Following Mari again, I put my folded scarfs--maybe thirty of them--out on one side of my bed.  That was quick and easy, but then I got to the jewelry.  I have a dark spread, so I put some large linen napkins down and started with earrings.  I counted 87 pair, until I got tired of counting.  Then I put out my bracelets.
    Now, I'm a self-confessed bracelet freak--and I discovered I have more than 40 of them.  Of necklaces, not so many, but certainly 20 or so, most of which I hardly ever wear.  I also have a number of pins (hardly ever wear pins, either) and other miscellany, such as scarf clips and what used to be called "cocktail rings."  It took me a lo-o-n-g time to lay all this stuff out so I could examine it, then choose what to keep.  
    I had to keep in mind two facts: 1.) That, aside from my wedding and engagement rings,* I wear jewelry only when I "dress up" in some way and how often is that?  Maybe once or twice a month; 2.) that I almost invariably choose from the same two or three pairs of earrings and four or five bracelets; I wear necklaces only occasionally and have three or four favorites.
    Finally, with much deliberating and worry about regrets, I chose what I want to keep.  Arranged the rest artistically on linen napkins on the dining room table, along with the scarves I'm not keeping. I'll invite my friend (she and her husband are coming down today) to take what she wants, then I'll cart the rest off to the thrift store.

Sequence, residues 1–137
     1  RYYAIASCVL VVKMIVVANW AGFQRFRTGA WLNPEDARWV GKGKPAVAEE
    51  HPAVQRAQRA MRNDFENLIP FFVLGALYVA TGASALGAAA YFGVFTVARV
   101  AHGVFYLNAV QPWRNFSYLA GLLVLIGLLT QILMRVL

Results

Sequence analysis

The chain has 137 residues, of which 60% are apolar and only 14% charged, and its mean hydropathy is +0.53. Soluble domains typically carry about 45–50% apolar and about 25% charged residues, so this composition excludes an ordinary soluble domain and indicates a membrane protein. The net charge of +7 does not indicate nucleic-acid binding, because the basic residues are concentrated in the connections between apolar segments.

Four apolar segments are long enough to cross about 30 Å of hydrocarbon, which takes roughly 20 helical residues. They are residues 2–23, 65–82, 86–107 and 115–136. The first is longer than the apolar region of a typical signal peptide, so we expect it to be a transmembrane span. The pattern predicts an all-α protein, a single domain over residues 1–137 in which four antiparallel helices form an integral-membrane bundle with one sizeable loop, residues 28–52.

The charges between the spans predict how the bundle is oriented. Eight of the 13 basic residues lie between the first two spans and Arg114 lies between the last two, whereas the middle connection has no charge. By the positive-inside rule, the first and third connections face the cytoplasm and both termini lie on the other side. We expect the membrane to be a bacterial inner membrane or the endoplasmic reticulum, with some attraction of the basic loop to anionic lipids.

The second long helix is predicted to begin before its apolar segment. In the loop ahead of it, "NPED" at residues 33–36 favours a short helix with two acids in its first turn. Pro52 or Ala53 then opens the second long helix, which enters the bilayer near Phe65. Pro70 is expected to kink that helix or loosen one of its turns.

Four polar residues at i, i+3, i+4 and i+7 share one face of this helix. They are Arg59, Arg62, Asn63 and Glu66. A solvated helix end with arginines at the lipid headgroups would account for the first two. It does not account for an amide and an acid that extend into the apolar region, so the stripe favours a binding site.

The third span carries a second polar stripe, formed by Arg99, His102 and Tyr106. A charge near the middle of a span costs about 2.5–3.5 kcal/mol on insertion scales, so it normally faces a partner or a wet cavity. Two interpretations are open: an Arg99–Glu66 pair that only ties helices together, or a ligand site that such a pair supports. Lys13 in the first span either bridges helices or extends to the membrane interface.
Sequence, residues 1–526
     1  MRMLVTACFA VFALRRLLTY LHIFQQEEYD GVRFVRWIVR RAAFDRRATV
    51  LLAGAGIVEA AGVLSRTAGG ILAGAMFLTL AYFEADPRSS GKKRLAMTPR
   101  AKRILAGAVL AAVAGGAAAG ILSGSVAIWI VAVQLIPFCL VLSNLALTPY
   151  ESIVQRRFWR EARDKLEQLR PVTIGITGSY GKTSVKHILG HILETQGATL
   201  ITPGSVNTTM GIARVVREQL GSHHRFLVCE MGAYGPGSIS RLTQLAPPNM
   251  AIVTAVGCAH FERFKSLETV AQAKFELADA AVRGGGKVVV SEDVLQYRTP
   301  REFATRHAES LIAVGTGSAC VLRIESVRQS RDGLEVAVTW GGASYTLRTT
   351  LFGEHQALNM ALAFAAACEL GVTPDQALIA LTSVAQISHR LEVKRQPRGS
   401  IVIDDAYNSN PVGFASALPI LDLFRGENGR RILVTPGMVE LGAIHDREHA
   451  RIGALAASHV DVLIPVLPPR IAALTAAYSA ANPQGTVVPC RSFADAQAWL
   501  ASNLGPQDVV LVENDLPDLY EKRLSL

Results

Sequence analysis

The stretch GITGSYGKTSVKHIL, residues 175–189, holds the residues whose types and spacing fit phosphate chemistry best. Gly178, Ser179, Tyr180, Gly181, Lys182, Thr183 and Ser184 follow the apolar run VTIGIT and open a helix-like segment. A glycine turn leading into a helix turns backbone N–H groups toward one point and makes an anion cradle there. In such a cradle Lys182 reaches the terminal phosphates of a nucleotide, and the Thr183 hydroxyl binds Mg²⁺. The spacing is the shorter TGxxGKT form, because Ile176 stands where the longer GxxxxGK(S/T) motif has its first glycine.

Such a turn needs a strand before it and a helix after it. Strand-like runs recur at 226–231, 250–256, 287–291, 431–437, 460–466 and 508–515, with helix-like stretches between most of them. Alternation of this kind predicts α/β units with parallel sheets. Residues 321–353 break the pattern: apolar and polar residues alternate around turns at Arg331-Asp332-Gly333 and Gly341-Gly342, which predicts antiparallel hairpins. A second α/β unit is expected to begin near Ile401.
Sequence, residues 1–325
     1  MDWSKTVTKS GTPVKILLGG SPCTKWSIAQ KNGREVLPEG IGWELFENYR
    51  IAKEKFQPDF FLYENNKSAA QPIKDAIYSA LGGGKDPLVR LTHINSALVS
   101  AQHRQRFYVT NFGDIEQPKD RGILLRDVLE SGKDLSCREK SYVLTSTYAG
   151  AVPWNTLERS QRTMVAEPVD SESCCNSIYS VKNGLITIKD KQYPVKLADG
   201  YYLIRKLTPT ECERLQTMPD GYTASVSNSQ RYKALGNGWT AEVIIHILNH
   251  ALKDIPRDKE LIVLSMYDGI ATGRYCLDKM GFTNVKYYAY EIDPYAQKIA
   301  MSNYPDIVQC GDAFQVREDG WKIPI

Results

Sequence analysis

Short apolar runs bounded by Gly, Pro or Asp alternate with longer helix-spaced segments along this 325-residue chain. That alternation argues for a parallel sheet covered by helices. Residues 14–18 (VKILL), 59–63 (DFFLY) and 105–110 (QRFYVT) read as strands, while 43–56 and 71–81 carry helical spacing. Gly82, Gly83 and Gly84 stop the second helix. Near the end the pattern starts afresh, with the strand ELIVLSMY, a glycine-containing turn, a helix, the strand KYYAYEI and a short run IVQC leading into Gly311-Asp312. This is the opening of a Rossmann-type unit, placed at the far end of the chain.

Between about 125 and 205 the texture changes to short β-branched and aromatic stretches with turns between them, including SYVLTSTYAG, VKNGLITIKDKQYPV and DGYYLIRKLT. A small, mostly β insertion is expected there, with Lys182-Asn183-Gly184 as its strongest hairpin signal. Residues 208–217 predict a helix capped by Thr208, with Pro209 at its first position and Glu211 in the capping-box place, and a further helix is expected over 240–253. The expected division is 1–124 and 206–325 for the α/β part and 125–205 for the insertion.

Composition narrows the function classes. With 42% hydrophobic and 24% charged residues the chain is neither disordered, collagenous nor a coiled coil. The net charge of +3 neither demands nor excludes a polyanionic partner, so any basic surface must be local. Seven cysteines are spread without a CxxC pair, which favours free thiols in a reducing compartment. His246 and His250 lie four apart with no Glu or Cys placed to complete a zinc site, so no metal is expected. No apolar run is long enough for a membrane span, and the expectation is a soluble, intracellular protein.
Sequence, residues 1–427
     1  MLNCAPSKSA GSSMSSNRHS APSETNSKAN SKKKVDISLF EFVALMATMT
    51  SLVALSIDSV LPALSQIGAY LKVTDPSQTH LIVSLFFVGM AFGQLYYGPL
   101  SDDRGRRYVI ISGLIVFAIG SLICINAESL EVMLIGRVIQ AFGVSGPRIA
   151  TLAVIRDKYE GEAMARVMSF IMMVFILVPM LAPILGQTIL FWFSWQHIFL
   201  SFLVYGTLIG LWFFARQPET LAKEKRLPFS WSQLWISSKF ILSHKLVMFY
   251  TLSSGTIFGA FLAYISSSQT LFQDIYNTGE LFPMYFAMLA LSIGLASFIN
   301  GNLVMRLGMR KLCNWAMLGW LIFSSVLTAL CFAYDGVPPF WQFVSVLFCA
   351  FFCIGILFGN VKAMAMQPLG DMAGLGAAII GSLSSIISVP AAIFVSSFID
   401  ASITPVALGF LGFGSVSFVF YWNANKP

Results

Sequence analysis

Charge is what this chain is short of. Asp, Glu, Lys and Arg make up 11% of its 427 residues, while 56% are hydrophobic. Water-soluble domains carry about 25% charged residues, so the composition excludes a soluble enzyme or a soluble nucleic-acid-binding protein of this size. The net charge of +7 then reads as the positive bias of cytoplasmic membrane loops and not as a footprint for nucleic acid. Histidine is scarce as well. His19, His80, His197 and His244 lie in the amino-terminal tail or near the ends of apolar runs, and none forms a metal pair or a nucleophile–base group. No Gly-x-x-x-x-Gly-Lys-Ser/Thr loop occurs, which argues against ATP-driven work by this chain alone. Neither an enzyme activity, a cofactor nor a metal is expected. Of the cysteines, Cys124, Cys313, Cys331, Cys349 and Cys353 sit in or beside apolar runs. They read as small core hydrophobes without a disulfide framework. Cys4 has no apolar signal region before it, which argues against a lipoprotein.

Was happy to get Skyped by sweet baby, K., who is rapidly coming more a little boy than a baby.  He was having breakfast--or "bresfess," as his Dad used to say--then showed off the two cuddly bunnies his Mommy had made him.  Lucky K. to have such parents!
    * By choice, I haven't taken off my wedding ring (platinum) since my husband placed it on my finger fifty-six years ago.  I'd like to take off my engagement ring (platinum, one-carat diamond and two baguettes), but I can't; my finger has gotten too plump.  I regularly wear two other rings on my right ring finger: my husband's gold wedding ring and one with six small diamonds my family gave me when I got  my bachelor's degree twenty years ago. (Yes, I was a late bloomer.)

    Saturday, January 03, 2015

    Active Day and Torture

    True to my resolve to clean up and clear out, I laid all my coats and jackets on the bed.  Quickly made the cut as to which I would keep: only those that still fit and not if I didn't like them, anyway.
    Laid out my shoes and slippers.  Geez, there were about twenty pair, most of which I rarely used.  I struggled with the "maybe I'll want to wear them some day," but my Tidy Gal prevailed, and I packed up eight pair, threw one (white heels, about fifteen years old and shabby), and two pairs of slippers out.  
    My friend then called and asked if I wanted to come up. Yes, sure, of course, and after putting the shoes, plus what I had gleaned from earlier go-throughs, in the car, I dropped all off at the SOCH thrift store in Tuckerton.
    Drove north, got to my friend's, we went to Manchester to get a document needed for her house sale, with settlement scheduled for Monday.  However, more jumping through hoops seems to be needed, I'm afraid, and now it's iffy.  I had brought chicken and we put it in the toaster oven.  I was going to stay, but decided I'd better drive home while it was light, so left it for friend and her husband for dinner.